The CEP and international community must also ensure that all Haitians entitled to vote are afforded the opportunity to do so. This includes all those who have lost their voting cards and other identity documents in the earthquake this year, as well as those who have turned 18 since the last elections in 2006. We are particularly concerned that the 1.5 million people who have been internally displaced have access to identity cards and polling stations close to the camps where they live so that they can vote. This is also essential to holding legitimate elections.
We call on you to make a clear statement that elections must include all eligible political parties and ready access to voting for all Haitians, including the displaced. The United States government should also state unequivocally that it will not provide funding for elections that do not meet these minimum, basic democratic requirements.
Maxine Waters; Donald Payne; William Delahunt; Barbara Lee; Debbie Wasserman Schultz; Alcee L. Hastings; Charles B. Rangel; Jan Schakowsky; Dennis Kucinich; Hank Johnson; Jim McDermott; Yvette D. Clarke; John W. Olver; Keith Ellison; Sam Farr; Donna M. Christensen; Raúl Grijalva; Michael Honda; Betty McCollum; Laura Richardson; Alan Grayson; Chellie Pingree; Eleanor Holmes Norton; Danny K. Davis; Sheila Jackson Lee; Elijah Cummings; Carolyn Cheeks Kilpatrick; Lynn Woolsey; Chaka Fattah; Fortney “Pete” Stark; Al Green; Stephen Lynch; Donna F. Edwards; John Lewis; Bob Filner; Diane Watson; Bennie G. Thompson; Tammy Baldwin; John Garamendi; Bobby L. Rush; Jesse L. Jackson Jr.; Bart Gordon; Melvin L. Watt; Corrine Brown; Lucille Roybal-Allard
WMR has been told that Waters’s letter is an attempt to distract attention from her own Haitian activities that are resulting in her increased unpopularity in Haiti and among the Haitian-American community. WMR has been informed that the Lavalas Party was not excluded but its top leadership voluntarily withdrew from the November 28 election because it was determined that it had been so thoroughly penetrated by outside forces, some called “betrayers,” it had ceased to be a viable opposition party to the U.S.-backed business interests. Those interests first backed Haitian-American entertainer Wyclef Jean for president, and after he withdrew because of his citizenship status in Haiti, the outside forces opted for Charles Baker, who is linked to the Port-au-Prince sweat shop operations of Andre Arpaid, the head of Alpha Industries, the largest garment assembly factory in Haiti and the leader of the Group of 184, the George Soros-linked civil society group that forced Aristide from office in 2004. One of the reasons Arpaid helped engineer the coup against Aristide was the president’s doubling of the minimum wage for Haitian workers, including those in the garment industry.
The foreign-inspired split within Lavalas is what resulted in its withdrawal from the election, contrary to the spin that Waters and her colleagues are placing on it. Waters decision to ask the Obama administration to withhold aid for Haiti because of the Lavalas withdrawal has also raised suspicions in Haiti. Originally, Jean was thrust into the election process, even though he was ineligible to run for president, in order to tarnish the entire election process. The penetration of and subsequent split within Lavalas also aimed to tarnish the election process. Waters has added to the pre-election machinations by suggesting in her letter to Clinton that over a dozen parties, in addition to Lavalas, had been excluded from the election. However, no other parties were excluded and Lavalas voluntarily withdrew.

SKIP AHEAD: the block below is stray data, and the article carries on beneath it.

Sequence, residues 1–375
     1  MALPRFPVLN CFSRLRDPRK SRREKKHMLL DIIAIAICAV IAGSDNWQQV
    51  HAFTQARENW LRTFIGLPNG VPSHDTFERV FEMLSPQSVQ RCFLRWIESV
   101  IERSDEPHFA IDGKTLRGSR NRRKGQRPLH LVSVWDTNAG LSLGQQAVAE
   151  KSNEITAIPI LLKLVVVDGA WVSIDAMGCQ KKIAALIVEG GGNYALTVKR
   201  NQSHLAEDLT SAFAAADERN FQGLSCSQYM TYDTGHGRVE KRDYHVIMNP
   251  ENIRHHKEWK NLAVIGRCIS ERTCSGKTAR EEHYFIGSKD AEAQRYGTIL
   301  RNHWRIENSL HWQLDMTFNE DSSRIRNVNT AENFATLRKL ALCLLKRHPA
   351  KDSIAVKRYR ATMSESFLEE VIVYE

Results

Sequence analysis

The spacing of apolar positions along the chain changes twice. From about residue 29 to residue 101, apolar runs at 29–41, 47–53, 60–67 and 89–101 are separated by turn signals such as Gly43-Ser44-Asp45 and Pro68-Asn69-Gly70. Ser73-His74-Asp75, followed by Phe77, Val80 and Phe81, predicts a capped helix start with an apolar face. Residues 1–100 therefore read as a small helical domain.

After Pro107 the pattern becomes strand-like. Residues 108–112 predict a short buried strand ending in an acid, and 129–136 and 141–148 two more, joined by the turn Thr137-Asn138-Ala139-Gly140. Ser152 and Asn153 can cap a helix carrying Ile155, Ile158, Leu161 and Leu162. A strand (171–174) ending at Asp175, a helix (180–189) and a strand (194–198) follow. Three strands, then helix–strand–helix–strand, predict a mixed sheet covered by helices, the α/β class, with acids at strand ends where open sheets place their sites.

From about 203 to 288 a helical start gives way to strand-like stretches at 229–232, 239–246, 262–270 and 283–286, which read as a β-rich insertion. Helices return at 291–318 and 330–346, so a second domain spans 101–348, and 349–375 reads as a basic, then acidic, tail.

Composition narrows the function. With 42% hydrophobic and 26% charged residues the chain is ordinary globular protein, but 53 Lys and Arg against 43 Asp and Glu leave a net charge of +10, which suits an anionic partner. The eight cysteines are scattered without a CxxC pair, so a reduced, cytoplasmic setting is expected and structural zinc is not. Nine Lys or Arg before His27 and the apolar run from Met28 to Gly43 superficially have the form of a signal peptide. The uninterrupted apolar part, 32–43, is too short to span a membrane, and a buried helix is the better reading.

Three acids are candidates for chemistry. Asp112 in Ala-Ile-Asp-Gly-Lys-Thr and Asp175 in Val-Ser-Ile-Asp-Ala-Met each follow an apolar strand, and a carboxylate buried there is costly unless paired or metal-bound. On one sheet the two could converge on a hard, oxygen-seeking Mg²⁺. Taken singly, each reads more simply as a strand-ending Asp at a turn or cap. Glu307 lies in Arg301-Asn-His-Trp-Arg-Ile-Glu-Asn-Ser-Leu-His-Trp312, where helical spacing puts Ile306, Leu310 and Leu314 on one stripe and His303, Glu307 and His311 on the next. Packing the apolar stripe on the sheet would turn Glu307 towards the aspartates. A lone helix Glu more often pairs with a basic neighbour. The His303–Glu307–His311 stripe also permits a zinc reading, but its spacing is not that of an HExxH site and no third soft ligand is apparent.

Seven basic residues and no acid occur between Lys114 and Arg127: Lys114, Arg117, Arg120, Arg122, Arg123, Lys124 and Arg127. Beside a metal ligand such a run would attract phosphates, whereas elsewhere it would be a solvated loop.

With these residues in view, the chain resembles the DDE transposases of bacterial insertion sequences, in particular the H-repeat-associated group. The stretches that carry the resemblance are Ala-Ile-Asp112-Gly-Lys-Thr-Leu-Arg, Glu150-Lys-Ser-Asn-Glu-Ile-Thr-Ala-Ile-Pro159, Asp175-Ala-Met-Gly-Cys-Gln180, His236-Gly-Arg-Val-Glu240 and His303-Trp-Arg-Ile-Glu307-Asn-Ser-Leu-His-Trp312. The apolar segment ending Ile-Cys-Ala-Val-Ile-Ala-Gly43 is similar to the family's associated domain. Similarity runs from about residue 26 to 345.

Haitian-American sources suspect that Waters and her colleagues are trying to tarnish the Haitian election process to keep the country in turmoil and prevent it from uncovering the millions of dollars that Waters and her husband siphoned from Haiti into numbered bank accounts and phony companies.
Waters’s Republican opponent, Bruce Brown, has expressed his outrage over Waters’s corrupt business deals with Haiti and has promised the Haitian-American community to support an investigation of Waters activities if he is elected.
Waters’s staff, WMR is told, closely with House Financial Service Committee chairman Representative Barney Frank (D-MA) to arrange for the bailout of OneUnited Bank in 2008. Waters’s chief staff member for Haiti, who is close to Frank’s staffers, has refused to consider the Haitian-American community’s concerns that Waters is tarnishing the Haitian election because of her conflict-of-interest.
UPDATE: On October 20,2010, Fellowship of the Minds is honored to receive this comment by Maxine “Dirty” Waters’ opponent in her bid to be reëlected. His name is Bruce Brown. Here’s his comment:
I am Maxine’s opponent and we have been doing similar work except we have the family enrichment in more detail. With just word of mouth, we are at 46% to her 54% and we can beat her with this story line!! Spread the word and help us get donations if you want her gone. Thanks
Mr. Brown is a successful businessman who, two years ago, gave up his corporate life to go into inner-city Los Angeles, day and night, to help mediate gang disputes as a member of a consortium of anti-violence organizations. He is an uphill battle to unseat a corrupt politician in a corrupt district. If you have even a $1 to spare, please donate to his campaign. CLICK HERE! And if you live in California’s 35th District, please help the Brown campaign with your time and energy. The election is only 12 days from now.